10 Things 2013 Taught Us About Breast Cancer Prevention and Treatment
2013 became a year full of breakthrough studies concerning the prevention and treatment of breast cancer. Some drugs on which hope had been placed failed to live up to expectations while strange new natural treatments were discovered. October is Breast Cancer month and the world is anticipating even more breakthroughs.
There are many women currently will develop breast cancer in their lifetime, with over 40,000 US deaths annually due to the disease. Over 70% do not have identifiable risk factors for the disease, while genetics plays the major role for the rest. Both sides of the family carry equal weight in deciding to what extent one is at risk, increasing majorly if both sides in the immediate family have developed breast cancer.
As one gets older, the risk also increases from 1 in 233 while in the 30s to 1 in 8 when a woman has reached her 80s. The type of bra, breast size or whether there have been implants do not affect the risk. The American Cancer Society recommends a mammogram screening for women over the age of 40 every 1 to 2 years and constant self-examinations in the meantime. Most women have no idea about their breast cancer risks, specifically based on their family history and lifestyle habits.
The last 9 months have yielded some rather interesting results.
1. An hour of walking per day can reduce risk of breast cancer by 14%: One of the latest studies has discovered that walking in itself is a great risk prevention option for both men and women, especially the latter in the post-menopausal stage.
2. The lately anticipated Lily Drug, believed to be an innovation in fighting breast cancer, has been found to not deliver the results anticipated. It will not go to FDA for approval.
3. Those at highest risk of dying from breast cancer are young women: Many youngsters forgo mammograms and regular breast exams, believing themselves too young to develop the cancer. Unfortunately, this means that much of the cancer goes untreated for too long, effectively snuffing out young lives under the age of 50. Half of all breast cancer deaths occur in women up to this age, particularly between 40 and 50.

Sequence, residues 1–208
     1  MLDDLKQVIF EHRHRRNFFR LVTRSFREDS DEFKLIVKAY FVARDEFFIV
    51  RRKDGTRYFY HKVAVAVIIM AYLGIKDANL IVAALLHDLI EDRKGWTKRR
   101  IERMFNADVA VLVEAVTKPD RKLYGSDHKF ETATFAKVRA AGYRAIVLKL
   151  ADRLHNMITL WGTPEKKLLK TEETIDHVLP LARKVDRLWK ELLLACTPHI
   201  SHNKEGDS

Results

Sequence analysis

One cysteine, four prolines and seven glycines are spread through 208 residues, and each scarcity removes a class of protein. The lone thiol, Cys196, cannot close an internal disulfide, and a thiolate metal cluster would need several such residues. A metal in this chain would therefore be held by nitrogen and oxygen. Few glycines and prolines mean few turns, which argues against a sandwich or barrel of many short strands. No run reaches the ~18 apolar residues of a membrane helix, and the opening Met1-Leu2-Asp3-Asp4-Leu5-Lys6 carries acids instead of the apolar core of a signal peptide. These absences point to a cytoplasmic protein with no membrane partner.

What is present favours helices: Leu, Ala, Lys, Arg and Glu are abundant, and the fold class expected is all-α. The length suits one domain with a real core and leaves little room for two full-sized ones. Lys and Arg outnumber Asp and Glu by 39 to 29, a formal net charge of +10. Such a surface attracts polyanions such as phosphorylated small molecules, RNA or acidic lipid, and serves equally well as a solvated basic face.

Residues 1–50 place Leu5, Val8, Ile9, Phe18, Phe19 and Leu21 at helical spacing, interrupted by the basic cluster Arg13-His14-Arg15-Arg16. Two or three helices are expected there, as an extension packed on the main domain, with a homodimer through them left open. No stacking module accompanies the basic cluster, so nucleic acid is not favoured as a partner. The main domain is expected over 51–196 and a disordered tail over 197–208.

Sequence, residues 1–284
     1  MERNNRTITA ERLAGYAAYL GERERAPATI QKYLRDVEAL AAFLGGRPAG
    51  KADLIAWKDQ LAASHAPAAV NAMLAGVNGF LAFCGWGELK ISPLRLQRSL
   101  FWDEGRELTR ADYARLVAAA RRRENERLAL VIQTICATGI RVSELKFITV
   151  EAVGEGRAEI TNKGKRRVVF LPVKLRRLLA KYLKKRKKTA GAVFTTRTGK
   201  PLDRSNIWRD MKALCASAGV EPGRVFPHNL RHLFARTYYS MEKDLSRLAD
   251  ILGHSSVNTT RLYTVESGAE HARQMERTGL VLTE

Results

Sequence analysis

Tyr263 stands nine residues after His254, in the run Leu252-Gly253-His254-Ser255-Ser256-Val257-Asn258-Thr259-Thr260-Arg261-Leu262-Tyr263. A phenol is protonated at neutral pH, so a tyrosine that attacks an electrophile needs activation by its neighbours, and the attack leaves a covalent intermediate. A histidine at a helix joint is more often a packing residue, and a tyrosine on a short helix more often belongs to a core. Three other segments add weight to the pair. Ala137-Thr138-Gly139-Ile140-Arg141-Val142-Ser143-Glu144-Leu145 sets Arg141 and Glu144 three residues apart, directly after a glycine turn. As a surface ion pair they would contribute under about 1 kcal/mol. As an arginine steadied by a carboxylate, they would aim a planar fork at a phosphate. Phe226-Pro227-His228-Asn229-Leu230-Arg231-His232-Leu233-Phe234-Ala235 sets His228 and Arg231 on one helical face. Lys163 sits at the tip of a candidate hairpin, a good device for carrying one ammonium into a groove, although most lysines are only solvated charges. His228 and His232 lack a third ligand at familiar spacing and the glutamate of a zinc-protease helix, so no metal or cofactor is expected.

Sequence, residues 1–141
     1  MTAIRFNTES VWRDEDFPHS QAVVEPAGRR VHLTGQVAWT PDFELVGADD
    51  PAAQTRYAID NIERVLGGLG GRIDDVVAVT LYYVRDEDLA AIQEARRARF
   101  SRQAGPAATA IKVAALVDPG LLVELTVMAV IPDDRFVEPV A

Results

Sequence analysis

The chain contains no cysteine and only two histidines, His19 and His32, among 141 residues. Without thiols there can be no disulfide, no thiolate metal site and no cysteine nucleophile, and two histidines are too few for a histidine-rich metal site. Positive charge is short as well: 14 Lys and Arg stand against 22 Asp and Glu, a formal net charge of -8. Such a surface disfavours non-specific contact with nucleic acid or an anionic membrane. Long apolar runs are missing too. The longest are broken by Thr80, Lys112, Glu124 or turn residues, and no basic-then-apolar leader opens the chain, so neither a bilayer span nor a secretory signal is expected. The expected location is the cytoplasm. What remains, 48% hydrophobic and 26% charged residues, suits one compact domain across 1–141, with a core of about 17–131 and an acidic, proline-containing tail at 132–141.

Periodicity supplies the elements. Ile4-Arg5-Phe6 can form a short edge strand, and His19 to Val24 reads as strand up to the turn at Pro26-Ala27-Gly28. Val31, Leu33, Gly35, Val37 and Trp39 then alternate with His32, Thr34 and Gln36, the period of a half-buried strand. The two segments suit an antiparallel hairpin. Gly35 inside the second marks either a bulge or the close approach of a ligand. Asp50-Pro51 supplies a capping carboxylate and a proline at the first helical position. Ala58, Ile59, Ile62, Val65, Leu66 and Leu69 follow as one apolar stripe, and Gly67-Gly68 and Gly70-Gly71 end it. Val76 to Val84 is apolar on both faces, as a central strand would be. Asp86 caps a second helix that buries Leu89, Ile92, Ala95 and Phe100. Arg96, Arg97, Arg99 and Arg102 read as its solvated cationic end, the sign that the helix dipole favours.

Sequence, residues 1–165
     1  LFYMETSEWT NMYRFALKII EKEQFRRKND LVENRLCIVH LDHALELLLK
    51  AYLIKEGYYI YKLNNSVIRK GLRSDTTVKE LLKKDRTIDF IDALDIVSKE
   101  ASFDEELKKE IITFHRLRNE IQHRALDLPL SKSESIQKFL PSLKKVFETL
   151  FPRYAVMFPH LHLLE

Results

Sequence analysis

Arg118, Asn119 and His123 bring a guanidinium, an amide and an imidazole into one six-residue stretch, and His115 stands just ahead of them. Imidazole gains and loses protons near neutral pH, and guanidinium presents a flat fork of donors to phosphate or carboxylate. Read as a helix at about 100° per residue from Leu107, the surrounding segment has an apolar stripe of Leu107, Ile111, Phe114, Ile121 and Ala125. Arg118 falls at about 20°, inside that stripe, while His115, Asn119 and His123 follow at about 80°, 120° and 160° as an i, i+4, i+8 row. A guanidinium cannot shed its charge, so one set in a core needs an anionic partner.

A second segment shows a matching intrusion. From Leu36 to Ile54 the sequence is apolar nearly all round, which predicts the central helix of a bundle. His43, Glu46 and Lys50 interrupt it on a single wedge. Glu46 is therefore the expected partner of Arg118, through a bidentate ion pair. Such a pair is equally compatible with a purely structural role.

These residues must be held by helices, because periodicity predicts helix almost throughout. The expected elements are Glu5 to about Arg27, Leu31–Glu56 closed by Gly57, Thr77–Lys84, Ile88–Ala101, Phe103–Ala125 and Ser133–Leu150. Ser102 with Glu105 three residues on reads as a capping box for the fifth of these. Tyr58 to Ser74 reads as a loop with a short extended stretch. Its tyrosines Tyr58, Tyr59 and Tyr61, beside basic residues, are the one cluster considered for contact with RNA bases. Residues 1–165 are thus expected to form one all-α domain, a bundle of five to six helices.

4. Shark blood found to attack HER breast cancer producing mutated protein cells through their IgNAR antibodies: Who would have thought that an early treatment for breast cancer could be found not in cartilage but the actual blood properties of sharks. It’s a curious thought whether human blood could be just as important in curing some diseases sharks may have.
5. Peanut butter was found to decreases chances of developing breast cancer in young females: Another study published of late has found that young women who have been snacking on peanut butter for years now have much lower chances of developing benign breast disease by 39% which can lead to breast cancer.
6. The doctors have spoken and vegetable fats have been deemed important: According to Dr. Michael Roizen and Dr. Mehmet Oz, skipping the animal fats and carbohydrates and turning to vegetables oils can have a major impact on preventing breast cancer.
7. CCBs for high blood pressure have been linked to increasing risk of breast cancer: Perhaps it is a good time to change the blood pressure pills you take if they are calcium channel blockers, effectively slashing at the increase of risk it entails. Don’t stop taking pills, but talk to your doctor about switching to a safer version.
8. On June 15, an osteoporosis drug was presented as a treatment for breast cancer: Bazedoxifene not only prevents estrogen from stimulating breast cancer cell growth, but also flags the estrogen receptor for destruction.
9. Apigenin found in Mediterranean foods has been found to tackle breast cancer cell growth: According to a study earlier in the year, parsley, celery, peppermint, thyme, chamomile tea and even iceberg lettuce were found to prevent breast cancer cells from halting their own destruction. Essentially it stops cells from stopping something from killing them, effectively ensuring their death.
10. Dairy foods have been found to raise risk of early death in breast cancer survivors: Low-fat dairy is perfectly fine and even recommended, but when it comes to high-fat consumption, breast cancer patients need to beware. It is no fun for sure, especially for fatty milk and cheese lovers, but if these men and women wish to live a good and long life, staying away from these foods is a must.
2013 has been full of news concerning the prevention and treatment of breast cancer. There are nearly 3 more months to see what new studies have to say about protecting loved ones from the disease and ensuring breast cancer is, once and for all, kicked to the curb.